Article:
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Former baseball player passes on – tribute paid

  • Tributes paid to ‘true giant’ of baseball, Willie Mays.

The baseball world has saluted the achievements of Willie Mays, widely considered one of the sport’s best ever players, after his death at age 93.

Mays was twice declared the league’s Most Valuable Player (MVP) and won the World Series with the New York Giants in 1954.

His famous catch during the championship remains one of the most iconic plays ever seen in America’s so-called “national pastime”.

In addition to his on-field achievements, Mays embodied an attitude of “just keep playing and having fun”, one former player told the BBC.

Nicknamed the “Say Hey Kid”, the centre fielder had been baseball’s oldest living Hall of Famer.
His death was announced “with great sadness” on Tuesday by his former team, who are now the San Francisco Giants.

Mays’s son, Michael, told the Associated Press that his father died in the presence of his family and wished to thank his fans for their years of support.

“My father has passed away peacefully and among loved ones. I want to thank you all from the bottom of my broken heart for the unwavering love you have shown him over the years,” he said. “You have been his life’s blood.”

Major League Baseball (MLB) said it was “heartbroken” over the death of “one of the most exciting all-around players in the history of our sport”.

Mays was a “true Giant on and off the field”, MLB commissioner Rob Manfred said.
“His incredible achievements and statistics do not begin to describe the awe that came with watching Willie Mays dominate the game in every way imaginable,” Manfred added.

But Mays was “more than just a baseball icon”, California Governor Gavin Newsom said.
“He broke barriers and inspired millions of Americans – setting records, bringing joy to countless fans, and becoming a role model for a generation of future athletes.”

Barry Bonds, Mays’s godson and another former Giants player – also considered to be among the best in the game – paid tribute to the baseball great, saying “you helped shape who I am today”.
“I have no words to describe what you mean to me,” Bonds said in a post on social media.

MLB sportswriter Sarah Langs said that Mays was her mother’s hero.
“I am where I am today because of how he captivated her from a young age,” she said.
“His joy for the game inspired her, and she passed that love onto me.”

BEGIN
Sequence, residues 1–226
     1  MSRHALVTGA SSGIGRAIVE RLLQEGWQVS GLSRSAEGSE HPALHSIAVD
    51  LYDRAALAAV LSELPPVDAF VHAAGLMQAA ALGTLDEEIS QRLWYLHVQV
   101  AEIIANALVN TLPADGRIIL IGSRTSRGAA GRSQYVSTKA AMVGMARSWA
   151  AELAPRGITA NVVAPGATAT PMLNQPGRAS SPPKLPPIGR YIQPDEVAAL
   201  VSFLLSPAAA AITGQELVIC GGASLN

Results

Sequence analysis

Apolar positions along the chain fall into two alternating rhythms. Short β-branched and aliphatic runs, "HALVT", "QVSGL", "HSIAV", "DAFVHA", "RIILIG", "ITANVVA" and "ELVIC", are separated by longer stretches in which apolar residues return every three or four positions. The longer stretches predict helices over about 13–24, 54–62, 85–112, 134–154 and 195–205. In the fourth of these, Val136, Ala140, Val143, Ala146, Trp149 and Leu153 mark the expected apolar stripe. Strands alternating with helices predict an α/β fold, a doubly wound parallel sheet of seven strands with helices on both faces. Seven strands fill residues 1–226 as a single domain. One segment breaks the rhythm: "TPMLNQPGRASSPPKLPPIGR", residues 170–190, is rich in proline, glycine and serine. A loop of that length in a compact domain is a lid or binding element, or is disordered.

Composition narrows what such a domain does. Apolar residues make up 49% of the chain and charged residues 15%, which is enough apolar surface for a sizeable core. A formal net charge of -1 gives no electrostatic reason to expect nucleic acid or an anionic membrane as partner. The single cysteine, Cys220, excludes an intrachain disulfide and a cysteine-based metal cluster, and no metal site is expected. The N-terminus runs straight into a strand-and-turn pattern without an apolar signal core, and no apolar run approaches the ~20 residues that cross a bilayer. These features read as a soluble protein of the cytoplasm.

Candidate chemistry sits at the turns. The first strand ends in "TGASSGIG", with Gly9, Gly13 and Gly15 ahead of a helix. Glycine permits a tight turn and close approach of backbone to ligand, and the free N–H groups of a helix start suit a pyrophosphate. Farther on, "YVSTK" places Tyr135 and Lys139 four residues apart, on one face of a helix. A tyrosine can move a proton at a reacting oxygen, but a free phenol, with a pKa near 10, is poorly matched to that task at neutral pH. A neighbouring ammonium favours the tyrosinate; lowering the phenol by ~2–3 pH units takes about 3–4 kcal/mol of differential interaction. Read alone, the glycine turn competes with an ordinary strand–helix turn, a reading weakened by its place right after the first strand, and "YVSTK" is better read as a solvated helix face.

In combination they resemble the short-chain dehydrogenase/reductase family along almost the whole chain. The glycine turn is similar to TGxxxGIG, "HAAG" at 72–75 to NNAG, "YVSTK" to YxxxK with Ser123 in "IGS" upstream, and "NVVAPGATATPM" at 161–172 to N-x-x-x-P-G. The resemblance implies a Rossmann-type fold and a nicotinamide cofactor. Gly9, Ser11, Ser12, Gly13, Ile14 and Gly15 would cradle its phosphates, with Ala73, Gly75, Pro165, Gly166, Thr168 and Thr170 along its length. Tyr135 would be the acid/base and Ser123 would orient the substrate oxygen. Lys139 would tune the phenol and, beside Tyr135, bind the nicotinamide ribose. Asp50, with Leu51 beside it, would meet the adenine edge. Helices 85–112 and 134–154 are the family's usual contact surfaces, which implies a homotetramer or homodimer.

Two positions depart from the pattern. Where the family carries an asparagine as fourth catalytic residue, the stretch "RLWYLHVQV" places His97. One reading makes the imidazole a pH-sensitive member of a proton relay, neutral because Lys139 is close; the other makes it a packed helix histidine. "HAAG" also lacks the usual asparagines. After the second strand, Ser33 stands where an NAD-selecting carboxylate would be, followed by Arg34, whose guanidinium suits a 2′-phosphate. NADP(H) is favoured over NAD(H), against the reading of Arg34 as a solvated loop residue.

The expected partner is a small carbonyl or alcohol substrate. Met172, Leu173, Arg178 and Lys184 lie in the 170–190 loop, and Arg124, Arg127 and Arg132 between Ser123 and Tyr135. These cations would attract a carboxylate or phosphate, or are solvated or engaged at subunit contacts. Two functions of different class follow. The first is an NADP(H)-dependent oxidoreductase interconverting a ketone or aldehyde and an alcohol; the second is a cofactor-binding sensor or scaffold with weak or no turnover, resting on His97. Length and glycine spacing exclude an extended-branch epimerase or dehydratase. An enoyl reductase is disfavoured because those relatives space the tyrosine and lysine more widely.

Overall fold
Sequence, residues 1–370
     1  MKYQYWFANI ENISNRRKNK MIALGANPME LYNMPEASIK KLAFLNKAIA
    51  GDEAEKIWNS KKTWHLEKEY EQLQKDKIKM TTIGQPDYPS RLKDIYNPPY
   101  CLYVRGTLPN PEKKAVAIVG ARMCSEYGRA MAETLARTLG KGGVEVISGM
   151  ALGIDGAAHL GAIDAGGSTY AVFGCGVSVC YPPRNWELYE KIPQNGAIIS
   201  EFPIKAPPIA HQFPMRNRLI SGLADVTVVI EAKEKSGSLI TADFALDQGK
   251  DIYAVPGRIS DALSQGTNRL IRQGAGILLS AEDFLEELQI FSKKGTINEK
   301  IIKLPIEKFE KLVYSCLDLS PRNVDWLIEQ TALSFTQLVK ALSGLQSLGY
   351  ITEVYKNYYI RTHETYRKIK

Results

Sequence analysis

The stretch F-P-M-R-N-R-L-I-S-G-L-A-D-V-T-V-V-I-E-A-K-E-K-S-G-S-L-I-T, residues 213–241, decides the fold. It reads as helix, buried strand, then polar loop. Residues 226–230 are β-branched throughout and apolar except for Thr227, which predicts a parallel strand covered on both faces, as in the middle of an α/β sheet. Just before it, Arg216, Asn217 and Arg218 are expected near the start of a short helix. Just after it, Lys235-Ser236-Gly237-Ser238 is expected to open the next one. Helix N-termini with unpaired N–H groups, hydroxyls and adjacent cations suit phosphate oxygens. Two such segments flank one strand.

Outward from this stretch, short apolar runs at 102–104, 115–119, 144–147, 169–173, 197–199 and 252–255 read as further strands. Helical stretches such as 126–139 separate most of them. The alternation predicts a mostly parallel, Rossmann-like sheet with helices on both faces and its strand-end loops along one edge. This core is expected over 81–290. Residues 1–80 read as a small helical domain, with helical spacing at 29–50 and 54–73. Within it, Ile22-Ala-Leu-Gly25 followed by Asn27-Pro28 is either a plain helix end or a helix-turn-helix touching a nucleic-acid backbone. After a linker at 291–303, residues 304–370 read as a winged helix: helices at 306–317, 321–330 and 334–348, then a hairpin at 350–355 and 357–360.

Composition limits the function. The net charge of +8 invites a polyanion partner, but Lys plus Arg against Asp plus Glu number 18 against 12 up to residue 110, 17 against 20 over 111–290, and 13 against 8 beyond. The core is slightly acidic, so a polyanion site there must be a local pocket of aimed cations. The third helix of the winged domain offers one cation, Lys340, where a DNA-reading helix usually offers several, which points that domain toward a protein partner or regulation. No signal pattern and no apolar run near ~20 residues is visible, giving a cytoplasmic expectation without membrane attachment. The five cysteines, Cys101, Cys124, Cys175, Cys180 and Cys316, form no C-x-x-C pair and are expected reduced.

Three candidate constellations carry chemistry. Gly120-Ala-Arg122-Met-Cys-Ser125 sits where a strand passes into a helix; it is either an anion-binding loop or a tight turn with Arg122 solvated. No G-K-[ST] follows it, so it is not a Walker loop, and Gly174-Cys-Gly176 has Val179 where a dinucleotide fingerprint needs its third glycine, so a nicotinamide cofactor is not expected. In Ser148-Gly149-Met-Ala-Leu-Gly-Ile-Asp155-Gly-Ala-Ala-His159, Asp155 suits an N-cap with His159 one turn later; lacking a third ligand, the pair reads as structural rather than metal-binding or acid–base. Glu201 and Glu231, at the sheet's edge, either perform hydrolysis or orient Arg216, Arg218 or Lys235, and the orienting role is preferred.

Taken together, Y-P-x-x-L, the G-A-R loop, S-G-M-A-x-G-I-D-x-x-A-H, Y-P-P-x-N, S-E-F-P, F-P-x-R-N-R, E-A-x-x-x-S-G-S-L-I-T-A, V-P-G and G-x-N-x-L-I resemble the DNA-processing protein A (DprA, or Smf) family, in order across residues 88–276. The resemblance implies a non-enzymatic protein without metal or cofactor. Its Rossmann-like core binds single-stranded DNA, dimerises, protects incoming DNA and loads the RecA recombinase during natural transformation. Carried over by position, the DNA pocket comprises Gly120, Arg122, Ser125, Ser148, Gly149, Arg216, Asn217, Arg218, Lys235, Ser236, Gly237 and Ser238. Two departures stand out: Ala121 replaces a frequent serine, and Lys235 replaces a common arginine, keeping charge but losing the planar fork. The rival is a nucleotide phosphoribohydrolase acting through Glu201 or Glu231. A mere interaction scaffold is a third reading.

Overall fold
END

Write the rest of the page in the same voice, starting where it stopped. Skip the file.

Another former baseball player, CC Sabathia, wrote that Mays “changed the game forever and inspired kids like me to chase our dream.”

Despite having not played professional sports for over 50 years, the MLB added 10 more hits to Mays’s career record earlier this month, after deciding to incorporate statistics from the Negro League.

His record now stands at 3,293 hits, including the 10 he hit for the Birmingham Black Barons in 1948.

As recently as Monday, Mays said he would not be able to attend a game in his honour that was scheduled for Thursday in Birmingham.

“My heart will be with all of you who are honouring the Negro League ballplayers, who should always be remembered, including all my teammates on the Black Barons,” he said. “It’ll be a special day, and I hope the kids will enjoy it and be inspired by it.”

Mays was born and raised in Westfield, Alabama, and began his professional baseball career while still in high school in 1948.

In 1950, he joined the New York Giants – who later became the San Francisco Giants – and in 1951 hit 20 home runs for the team as a 20-year-old.

After the 1951 season Mays was drafted into the US Army to serve in the Korean War.

After missing the 1952 and 1953 seasons due to his military service, Mays returned in 1954 to earn his first MVP award.

That same year, he helped the team defeat Cleveland in the World Series.

The famous over-the-shoulder catch he made during the game helped the team clinch the win with a score of 5-2 after 10 innings.

In 1972 he was traded to the New York Mets at the age of 41, where he played for two more seasons before retiring.

After his playing career, he was still a regular face in the Giants dugout, offering advice on and off the field to young players.

“He always had time for you. He had a way about him that you could talk to him about baseball and he would give you honest opinions,” retired Giants player JT Snow told the BBC.

“Baseball is a hard game, and we go through ups and downs. I remember him saying: ‘Just keep playing and having fun.’”

Snow said Mays kept the noise of analytics and statistics out of his head, sticking with a simple philosophy that saw him change the game: “I see the ball and hit the ball, and I run the bases and I catch it.”

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